Inspiration comes from all directions so I would include multiple sources on my list.  I am, as many are, very inspired by nature and natural forms. I am currently teaching a master class on wildflowers so I have recently spent much of my time looking at these flower forms and recreating them in beads.  


Black Eyed Susan Necklace 2016, collar style necklace features beaded black eyed susans - the individual flowers are a good example of the type of flower forms I have included in my current Wildflower master class.  Glass seed beads, crystals, leather.

Given my background in historical fashion, I also like to reference historical dress and jewelry books for ideas.  Included in my work are pieces inspired by Georgian Era traditions (my lover’s eye inspired jewelry), Victorian Era pieces (my beaded corsets as well as much of my jewelry, including those pieces made with antique scarab beetles), and punk rock area fashion (my multitude of stone spike jewelry) – just to name a few genres.


Beetle Wing Choker, 2010: example of punk rock inspired beadwork.  Green gold stone stone spikes, glass seed beads, crystal, real beetle wings, 14K gold clasp.

I am also very inspired by people in the world around me.  I love talking with others about what I am currently working on and I am always fascinated by their perspectives.  Engaging with other people, especially those who live lives very different than my own, is always a source of ideas and inspiration.

MOB: If you were to pick a favorite piece from your collections and tell its story, what would it say?

Hmm...that is quite a tough question to answer because of the vast range of pieces I have done over the years.  My sense of “favorite” changes over time as I come to work on new pieces.  Perhaps I would be inclined to say that what I am currently working on is always my favorite piece – thereby it changes as each one is finished.  I am very much about the process not the product and the height of enjoyment for me is in the process of creating not in the final piece of work. “The journey is the destination,” as they say, and for me the current stage of that journey is where in lies my favorite piece of work.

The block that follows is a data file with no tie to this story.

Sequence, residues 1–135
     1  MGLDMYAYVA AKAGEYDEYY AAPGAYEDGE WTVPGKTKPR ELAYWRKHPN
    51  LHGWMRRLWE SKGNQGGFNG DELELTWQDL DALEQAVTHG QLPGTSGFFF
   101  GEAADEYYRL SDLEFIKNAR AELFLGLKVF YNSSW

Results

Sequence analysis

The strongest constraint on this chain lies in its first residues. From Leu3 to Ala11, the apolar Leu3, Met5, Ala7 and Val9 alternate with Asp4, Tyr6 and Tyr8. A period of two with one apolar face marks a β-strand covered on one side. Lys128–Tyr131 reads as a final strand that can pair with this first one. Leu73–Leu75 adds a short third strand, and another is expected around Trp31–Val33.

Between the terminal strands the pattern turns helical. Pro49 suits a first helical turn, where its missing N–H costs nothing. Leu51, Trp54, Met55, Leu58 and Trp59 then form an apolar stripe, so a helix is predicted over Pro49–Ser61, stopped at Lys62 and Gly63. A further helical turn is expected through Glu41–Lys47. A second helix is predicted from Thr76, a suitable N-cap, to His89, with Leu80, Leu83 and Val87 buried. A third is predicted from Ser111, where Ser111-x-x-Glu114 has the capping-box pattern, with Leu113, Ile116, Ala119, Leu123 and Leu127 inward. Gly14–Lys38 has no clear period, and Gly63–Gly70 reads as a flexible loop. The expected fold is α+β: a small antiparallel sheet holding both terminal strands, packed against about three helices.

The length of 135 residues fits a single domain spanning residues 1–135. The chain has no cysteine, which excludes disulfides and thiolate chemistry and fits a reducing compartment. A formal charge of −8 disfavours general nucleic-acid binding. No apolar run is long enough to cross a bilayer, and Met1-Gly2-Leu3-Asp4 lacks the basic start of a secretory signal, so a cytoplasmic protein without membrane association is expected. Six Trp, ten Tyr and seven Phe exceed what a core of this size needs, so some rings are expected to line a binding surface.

"Peep Show Corset," 2013, silk corset (I made that too), antique prosthetic glass eyes, doll's eyes, seed beads, pearls, crystal.  An example of how I took my historical costume background and applied it to making a burlesque inspired corset.

MOB: Do you have any upcoming projects, concepts, and new work we should look out for?

While I am inclined to change direction at any given point as my interest changes, I am currently working on a couple of projects which I am quite excited about.  The first is an off shoot of my current master class.  I am working on fantastical flowers, inspired by the real forms but with an element of the surreal.  They appear in a “specimen format” and are enclosed in cloche domes.

I am also at the moment working on a beaded chess set.  I have recently decided I would like to teach myself chess properly.  I have played it in the past but in more of a free-wheeling, I-have-no-idea-what-I’m-doing fashion.  I figured there is nothing more appropriate for me than a beaded chess set, hence the current undertaking.

I am also continuing to explore and develop my new teaching format.  Thanks largely to Covid I had to reinvent the business which previously was largely based on one-day workshops which I would teach throughout the country and across the world.  I have switched to a multimedia format which includes detailed video tutorials.  I am loving this new format because it allows me to work with students over a much longer period of time and also dive into the creative process which is really my favorite part of being an artist.


You can see more of Laura's work on her website, on her Instagram, or watch her amazing beading tutorials on her YouTube channel. Thank you so much, Laura!

-- Museum of Beadwork, May 2021

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  • Heather Kahn